The crying baby scenario hit Greene’s volunteers in the gut, changing the dynamic between the two competing systems in their brains. Here, refusing to act had such dire consequences that 53 percent ultimately endorsed an otherwise unimaginable infanticide: They concluded that the protagonist had to suffocate the baby to save the group. Those making this decision typically employed the dorsolateral prefrontal cortex, a brain region associated with cognitive control. Clearly the two systems in the brain were at odds, but for the utilitarians, reason overpowered emotion in the neural tug-of-war.
Greene then had subjects consider a variety of moral dilemmas while pushing a button in response to an unrelated cue. Both tasks relied on the same cognitive control networks needed to overrule emotion. When that neural system was occupied by the button-pressing task, he found, people took longer to make utilitarian decisions. But pushing the button did not interfere with decisions based on gut instinct, which volunteers rendered just as quickly whether or not they were handling a second cognitive task. The results suggest that making the utilitarian choice—killing the baby, tossing the man off the footbridge—requires a lot of cognitive override as we effortfully push against our instincts to hold back.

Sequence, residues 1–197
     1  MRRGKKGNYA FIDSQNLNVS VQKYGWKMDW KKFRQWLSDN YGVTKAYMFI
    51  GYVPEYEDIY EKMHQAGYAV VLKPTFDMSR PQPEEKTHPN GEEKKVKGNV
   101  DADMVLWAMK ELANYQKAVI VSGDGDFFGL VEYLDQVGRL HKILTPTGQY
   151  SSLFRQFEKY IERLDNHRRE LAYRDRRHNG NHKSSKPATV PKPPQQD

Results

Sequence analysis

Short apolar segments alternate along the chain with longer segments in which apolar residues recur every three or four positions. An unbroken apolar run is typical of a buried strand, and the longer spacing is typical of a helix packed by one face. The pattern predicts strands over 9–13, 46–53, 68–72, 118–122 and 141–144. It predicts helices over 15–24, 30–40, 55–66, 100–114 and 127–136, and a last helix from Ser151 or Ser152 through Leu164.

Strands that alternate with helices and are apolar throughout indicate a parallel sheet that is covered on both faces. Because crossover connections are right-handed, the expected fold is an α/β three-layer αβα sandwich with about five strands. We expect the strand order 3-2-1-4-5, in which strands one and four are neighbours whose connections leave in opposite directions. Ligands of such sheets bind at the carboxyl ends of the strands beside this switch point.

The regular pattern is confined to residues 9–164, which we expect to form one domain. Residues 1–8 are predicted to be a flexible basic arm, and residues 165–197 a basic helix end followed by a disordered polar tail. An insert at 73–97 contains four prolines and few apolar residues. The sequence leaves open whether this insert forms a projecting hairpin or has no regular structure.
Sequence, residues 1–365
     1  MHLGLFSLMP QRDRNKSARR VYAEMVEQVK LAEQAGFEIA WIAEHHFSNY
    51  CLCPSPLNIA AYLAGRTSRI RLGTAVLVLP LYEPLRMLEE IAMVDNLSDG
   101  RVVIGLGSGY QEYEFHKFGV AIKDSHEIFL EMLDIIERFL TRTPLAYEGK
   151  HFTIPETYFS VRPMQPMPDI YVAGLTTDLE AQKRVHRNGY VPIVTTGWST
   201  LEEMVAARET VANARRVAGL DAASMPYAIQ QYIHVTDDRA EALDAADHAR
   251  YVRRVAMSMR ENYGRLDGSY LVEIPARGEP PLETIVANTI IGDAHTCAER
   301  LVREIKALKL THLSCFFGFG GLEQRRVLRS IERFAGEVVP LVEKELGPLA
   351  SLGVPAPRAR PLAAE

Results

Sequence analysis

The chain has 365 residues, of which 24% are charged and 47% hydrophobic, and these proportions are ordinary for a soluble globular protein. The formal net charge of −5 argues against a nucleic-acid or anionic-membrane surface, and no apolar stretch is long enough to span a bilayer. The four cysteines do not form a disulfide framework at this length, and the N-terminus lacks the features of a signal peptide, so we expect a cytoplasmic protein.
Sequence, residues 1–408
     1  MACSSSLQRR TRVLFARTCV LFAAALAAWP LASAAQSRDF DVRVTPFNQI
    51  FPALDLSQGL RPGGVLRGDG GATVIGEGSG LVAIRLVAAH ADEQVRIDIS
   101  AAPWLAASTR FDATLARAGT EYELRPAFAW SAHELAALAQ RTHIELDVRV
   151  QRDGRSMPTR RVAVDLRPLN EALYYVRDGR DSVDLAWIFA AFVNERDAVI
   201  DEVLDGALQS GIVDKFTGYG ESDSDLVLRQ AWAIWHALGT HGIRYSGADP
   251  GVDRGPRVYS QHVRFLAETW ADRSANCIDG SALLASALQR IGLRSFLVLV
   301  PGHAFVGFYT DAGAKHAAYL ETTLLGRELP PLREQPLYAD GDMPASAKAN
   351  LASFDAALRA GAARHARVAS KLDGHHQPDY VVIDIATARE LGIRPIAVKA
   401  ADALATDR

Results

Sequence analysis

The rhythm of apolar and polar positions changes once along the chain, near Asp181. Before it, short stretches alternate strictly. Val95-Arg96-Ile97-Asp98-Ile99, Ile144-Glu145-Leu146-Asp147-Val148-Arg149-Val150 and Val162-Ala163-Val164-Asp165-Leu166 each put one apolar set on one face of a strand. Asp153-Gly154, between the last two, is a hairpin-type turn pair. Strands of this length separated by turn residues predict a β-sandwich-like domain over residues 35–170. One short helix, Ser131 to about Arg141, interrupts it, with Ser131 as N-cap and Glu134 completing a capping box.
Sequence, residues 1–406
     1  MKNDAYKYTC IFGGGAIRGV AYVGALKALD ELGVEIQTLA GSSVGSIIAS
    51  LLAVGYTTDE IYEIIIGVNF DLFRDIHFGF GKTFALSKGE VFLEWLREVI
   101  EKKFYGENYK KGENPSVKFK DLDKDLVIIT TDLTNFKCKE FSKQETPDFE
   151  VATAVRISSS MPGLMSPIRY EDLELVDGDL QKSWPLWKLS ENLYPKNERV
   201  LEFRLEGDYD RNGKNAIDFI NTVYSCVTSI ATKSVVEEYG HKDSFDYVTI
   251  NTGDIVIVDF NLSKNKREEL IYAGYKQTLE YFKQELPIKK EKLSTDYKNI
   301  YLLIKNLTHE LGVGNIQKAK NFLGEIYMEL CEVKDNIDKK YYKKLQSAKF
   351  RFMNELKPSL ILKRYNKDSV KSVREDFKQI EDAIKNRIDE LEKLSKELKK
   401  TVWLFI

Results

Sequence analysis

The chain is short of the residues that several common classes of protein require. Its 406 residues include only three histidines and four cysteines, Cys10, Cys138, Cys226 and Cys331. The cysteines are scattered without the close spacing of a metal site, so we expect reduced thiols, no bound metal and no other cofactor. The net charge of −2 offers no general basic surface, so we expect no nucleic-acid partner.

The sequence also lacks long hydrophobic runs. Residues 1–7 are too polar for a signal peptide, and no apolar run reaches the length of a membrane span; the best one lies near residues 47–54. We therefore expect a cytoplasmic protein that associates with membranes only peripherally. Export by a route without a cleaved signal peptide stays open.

“For centuries philosophers have taken intuitions at face value and tried to find theories that conformed to those intuitions,” Greene says. “But as philosophers have played with more and more scenarios, it’s been increasingly difficult to find a single theory that fits. My approach is to say, forget the overriding theory. Our moral judgments are sensitive to kooky things, like whether you’re pushing someone with your hands or dropping him with a switch. There is no single moral faculty; there’s just a dynamic interplay between top-down control processes and automatic emotional control in the brain.”